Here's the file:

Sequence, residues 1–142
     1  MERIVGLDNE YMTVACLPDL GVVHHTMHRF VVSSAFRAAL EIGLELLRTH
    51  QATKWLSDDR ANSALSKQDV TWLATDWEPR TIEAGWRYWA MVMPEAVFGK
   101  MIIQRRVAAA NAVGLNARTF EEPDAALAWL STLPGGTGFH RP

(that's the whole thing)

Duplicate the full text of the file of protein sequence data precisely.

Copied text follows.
Sequence, residues 1–142
     1  MERIVGLDNE YMTVACLPDL GVVHHTMHRF VVSSAFRAAL EIGLELLRTH
    51  QATKWLSDDR ANSALSKQDV TWLATDWEPR TIEAGWRYWA MVMPEAVFGK
   101  MIIQRRVAAA NAVGLNARTF EEPDAALAWL STLPGGTGFH RP